Ten years since the Rabaa massacre
If you search the German media for news about Egypt, you will find endless articles about new archaeological findings, about the history of the pharaohs or about mummies.
However, if you search German-language media for reports on ten years since the Rabaa massacre, you will only find inaccessible information.
On August 14, 2013, Abdel Fattah el-Sisi, who came to power in a military coup on July 3, 2013, ordered the storming of two protest camps in Cairo. At the two protest camps on Rabaa al-Adawiyya Square in Cairo-Nasr-City and on Nahda Square in Giza, supporters of Mohammad Morsi of the Muslim Brotherhood, who was ousted on July 3 and was the first democratically elected president in the history of Egypt, gathered.
Under the orders of putschist Sisi, security forces stormed the protest camps and shot at the protesters. Thousands of protesters were killed, mostly at the Rabaa protest camp. Thousands more were injured. All over the country, the state cracked down on the Muslim Brotherhood and many more were killed.
Eyewitnesses speak of a bloodbath. Ten years later still no one has been held accountable.
To date, the Egyptian state stylizes the massacre as a legitimate measure in the “fight against terrorism”.
There are around 60,000 political prisoners in Egypt. They are imprisoned, tortured and killed in the name of “state security” and “counterterrorism”. Similar arguments have been used by the US to bomb Afghanistan and Iraq or to put Muslim men in the Guantanamo torture camp, and similar arguments are used by European states to surveil and racially profile Muslims.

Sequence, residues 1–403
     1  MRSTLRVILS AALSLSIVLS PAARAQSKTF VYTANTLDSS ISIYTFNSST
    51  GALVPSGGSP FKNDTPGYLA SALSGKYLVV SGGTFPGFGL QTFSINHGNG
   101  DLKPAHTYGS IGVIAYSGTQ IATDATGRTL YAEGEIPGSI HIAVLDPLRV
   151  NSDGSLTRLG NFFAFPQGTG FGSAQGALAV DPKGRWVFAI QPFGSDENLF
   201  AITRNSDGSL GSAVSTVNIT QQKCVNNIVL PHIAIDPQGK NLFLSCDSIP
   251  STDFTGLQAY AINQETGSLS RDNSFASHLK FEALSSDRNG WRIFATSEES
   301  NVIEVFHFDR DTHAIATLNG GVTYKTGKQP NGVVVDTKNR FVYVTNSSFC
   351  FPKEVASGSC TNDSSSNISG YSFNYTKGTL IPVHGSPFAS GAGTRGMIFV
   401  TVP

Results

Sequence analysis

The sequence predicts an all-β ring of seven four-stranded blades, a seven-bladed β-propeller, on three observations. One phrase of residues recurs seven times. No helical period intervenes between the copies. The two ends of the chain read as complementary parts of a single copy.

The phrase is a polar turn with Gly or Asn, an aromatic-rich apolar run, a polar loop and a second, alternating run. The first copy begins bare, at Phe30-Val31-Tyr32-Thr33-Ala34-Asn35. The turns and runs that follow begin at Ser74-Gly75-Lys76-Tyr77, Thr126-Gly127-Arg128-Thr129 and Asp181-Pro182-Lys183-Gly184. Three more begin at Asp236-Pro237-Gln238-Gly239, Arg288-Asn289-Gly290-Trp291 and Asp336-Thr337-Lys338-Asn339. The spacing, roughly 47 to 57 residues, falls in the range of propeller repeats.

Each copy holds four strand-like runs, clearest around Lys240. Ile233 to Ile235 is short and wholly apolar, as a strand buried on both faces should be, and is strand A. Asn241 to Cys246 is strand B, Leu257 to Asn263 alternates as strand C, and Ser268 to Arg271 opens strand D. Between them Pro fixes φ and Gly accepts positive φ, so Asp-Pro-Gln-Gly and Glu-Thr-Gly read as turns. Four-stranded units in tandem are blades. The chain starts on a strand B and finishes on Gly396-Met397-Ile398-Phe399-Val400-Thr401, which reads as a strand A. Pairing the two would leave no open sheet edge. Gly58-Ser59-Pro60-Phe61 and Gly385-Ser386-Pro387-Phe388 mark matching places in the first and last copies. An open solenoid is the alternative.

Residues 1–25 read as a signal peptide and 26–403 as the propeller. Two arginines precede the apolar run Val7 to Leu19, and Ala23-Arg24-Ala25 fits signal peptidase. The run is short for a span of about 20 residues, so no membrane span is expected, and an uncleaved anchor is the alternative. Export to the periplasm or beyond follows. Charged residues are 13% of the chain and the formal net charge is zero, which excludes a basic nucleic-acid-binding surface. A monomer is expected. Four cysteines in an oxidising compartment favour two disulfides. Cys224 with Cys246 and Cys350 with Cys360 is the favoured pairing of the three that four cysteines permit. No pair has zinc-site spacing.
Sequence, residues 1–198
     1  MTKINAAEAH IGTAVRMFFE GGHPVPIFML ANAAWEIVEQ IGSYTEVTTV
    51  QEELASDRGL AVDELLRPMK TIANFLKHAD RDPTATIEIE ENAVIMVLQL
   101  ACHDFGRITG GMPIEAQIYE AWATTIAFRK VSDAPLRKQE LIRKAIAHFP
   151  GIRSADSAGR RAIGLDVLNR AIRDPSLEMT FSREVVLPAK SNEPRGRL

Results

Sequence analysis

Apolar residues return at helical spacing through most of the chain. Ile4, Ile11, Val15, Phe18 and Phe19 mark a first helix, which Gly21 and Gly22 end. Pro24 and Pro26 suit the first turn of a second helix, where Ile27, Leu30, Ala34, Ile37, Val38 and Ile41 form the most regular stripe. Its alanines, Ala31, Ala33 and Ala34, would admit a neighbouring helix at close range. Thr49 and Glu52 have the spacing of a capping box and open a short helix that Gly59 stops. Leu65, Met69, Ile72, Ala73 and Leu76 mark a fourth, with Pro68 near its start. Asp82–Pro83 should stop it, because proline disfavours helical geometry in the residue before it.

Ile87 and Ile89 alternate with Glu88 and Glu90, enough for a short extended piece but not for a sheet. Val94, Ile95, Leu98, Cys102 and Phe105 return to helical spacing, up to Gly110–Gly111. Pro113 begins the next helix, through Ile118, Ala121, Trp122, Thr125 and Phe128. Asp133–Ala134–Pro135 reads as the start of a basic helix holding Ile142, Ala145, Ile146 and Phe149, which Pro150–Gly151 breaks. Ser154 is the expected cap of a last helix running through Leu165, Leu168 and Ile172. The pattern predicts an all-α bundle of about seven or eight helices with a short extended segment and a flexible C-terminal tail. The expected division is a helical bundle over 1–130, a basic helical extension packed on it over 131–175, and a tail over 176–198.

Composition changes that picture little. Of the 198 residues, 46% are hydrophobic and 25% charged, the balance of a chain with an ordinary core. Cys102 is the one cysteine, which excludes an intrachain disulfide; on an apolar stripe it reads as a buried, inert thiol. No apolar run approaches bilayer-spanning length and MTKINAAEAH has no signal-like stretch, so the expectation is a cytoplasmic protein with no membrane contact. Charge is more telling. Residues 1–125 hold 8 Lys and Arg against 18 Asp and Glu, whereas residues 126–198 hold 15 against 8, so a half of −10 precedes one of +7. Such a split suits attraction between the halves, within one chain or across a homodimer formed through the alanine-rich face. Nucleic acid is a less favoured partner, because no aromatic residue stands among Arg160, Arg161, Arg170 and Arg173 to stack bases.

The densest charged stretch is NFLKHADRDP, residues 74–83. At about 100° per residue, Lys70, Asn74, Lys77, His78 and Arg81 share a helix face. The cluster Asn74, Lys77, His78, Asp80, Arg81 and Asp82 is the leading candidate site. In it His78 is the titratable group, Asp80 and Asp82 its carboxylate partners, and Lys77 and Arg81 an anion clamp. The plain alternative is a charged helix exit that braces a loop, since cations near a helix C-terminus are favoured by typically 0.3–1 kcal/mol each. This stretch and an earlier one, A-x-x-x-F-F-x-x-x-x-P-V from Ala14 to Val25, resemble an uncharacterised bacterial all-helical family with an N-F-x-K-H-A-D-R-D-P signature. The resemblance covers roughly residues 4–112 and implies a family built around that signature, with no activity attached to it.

In truth, the Egyptian military dictatorship under Sisi wishes to silence any opposition – be it from supporters of the Muslim Brotherhood, socialists or liberals – to consolidate his absolute rule.
The military dictator Sisi, who has been in power for ten years, is not only courted in Germany and seen as an ally, first by the Social Democrat (SPD) and Christian Democratic Union (CDU) government and now by the coalition government of Liberals (FDP), Greens (Grünen) and SPD. The German state continues to export arms to the Sisi dictatorship while the EU makes deals with Egypt to fight against refugees.
By working closely with the Sisi dictatorship, the German state is showing that any language of “human rights” is mere lip service intended to distract from its political and economic interests.
Ten years after the Rabaa massacre, it must be made clear that the Sisi regime has been a murderous regime stained with blood since the beginning. Terror comes from the state.